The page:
My experiences during my travels, however, contribute only a portion of my desire to study the law. I majored in philosophy at Xavier University, which led me to an unconventional study abroad program in Rome. Rather than follow the blueprint of typical overseas study, where students live in an American subculture within a foreign country, I directly transferred to the Pontificia Università San Tommaso d’Aquino, one of Italy’s most respected institutions. After dealing with becoming a temporary citizen, finding an apartment, obtaining a visa and countless other notarized documents, I quickly realized the convenience of studying through an established program. Although endless streams of red tape convoluted seemingly simple tasks, the academic rewards for studying abroad independently were enormous.

Here my passion for philosophy and foreign languages culminated in graduate-level coursework conducted in Italian. The youngest in my classes by at least five years and the only English speaker, I immersed myself in a highly competitive intellectual environment where I was expected to produce exceptional work in a foreign language. Although taking oral exams on the philosophy of Aquinas with only two years of college courses in Italian was daunting, it forced me to scrupulously understand an argument and its parts. Furthermore, by working in a foreign language in an unfamiliar environment, I grew accustomed to performing well in uncomfortable situations. Because law is a profession that values performing well under demanding conditions, I believe these skills will be indispensable in my legal studies.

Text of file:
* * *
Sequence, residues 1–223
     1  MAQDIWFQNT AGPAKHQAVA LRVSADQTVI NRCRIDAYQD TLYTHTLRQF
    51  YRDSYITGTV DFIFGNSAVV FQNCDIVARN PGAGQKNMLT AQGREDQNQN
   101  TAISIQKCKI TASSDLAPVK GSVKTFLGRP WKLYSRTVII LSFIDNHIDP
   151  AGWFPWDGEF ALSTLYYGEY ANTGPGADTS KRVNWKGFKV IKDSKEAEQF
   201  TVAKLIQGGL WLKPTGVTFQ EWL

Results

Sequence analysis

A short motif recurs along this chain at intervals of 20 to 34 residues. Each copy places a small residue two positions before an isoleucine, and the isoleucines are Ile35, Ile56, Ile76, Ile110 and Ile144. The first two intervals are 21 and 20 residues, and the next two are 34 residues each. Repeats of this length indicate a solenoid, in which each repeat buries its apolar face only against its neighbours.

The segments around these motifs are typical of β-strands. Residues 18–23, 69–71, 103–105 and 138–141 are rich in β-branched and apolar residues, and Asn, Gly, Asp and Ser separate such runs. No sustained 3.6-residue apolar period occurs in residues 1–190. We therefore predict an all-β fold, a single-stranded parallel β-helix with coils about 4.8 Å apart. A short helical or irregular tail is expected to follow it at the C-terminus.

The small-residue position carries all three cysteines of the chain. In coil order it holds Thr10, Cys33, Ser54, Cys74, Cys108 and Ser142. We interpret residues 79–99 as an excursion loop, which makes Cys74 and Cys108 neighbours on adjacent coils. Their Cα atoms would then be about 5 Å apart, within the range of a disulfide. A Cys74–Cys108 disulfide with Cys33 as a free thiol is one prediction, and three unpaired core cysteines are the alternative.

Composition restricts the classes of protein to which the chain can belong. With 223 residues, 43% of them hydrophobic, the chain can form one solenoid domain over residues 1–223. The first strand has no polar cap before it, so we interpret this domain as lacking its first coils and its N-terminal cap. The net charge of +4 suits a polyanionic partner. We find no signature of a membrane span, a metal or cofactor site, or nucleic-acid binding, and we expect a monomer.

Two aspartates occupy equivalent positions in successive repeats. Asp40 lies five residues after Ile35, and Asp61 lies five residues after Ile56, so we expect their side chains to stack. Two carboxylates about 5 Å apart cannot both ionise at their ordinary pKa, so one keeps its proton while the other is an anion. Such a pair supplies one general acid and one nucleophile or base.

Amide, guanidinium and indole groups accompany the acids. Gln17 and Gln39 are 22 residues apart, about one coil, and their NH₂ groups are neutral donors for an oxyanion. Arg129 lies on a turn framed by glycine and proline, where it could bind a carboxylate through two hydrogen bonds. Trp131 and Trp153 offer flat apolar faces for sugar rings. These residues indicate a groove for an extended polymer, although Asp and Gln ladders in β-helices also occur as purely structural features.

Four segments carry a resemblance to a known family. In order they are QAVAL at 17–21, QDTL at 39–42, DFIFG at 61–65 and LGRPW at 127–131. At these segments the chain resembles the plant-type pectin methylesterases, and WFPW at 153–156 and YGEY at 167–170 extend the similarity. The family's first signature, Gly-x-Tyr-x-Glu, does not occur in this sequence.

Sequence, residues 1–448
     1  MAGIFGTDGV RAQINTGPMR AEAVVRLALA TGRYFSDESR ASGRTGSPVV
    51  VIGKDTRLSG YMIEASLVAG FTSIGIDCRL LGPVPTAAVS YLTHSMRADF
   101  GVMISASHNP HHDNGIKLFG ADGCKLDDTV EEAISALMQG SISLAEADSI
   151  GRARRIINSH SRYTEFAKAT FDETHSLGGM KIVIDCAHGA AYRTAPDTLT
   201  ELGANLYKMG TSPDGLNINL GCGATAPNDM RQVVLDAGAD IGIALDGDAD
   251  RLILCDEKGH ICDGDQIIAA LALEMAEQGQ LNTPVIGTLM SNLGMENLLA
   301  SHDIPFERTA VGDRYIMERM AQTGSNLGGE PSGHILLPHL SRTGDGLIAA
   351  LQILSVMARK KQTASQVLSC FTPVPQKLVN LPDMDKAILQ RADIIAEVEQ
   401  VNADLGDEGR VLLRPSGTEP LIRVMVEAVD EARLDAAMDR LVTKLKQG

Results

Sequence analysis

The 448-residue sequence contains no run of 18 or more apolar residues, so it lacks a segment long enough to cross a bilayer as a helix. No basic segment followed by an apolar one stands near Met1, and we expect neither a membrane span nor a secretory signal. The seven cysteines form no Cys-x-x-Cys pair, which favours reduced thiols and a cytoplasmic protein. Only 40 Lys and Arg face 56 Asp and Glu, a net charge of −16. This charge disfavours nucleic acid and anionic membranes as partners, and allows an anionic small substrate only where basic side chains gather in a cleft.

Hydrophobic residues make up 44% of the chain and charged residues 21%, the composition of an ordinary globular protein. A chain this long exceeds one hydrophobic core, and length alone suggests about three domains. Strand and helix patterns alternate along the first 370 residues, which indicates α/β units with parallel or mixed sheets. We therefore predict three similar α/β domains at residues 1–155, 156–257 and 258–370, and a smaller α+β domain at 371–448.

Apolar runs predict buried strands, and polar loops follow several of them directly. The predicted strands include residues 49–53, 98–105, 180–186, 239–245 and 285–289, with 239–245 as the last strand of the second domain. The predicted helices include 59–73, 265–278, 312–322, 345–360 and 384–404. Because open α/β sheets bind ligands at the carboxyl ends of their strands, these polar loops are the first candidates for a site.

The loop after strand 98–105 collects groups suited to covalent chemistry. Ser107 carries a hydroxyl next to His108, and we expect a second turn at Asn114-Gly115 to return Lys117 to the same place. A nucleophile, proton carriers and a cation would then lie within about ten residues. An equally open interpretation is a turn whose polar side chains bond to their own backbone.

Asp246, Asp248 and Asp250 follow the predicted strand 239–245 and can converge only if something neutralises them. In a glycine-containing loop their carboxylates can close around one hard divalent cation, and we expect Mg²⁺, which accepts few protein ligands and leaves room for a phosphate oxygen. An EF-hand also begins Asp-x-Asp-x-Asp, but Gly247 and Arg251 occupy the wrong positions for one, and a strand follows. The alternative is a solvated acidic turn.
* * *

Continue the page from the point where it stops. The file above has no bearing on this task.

My background in philosophy and foreign cultures provides me a solid foundation to confront the challenges of law school. After experiencing the need for arbiters of the law in the Middle East and studying with great philosophical minds in Rome, I am convinced that law is the best use of my talents and experience. The need for rationality is not isolated to an overcrowded van in eastern Syria. With a background in philosophy, a legal education and a significant exposure to foreign cultures in hand, I hope to be able to contribute to a fair application of the law.

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maroonzoon
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Re: Getting a jump start on applications - critique final ps?

Postby maroonzoon » Thu Aug 26, 2010 12:44 am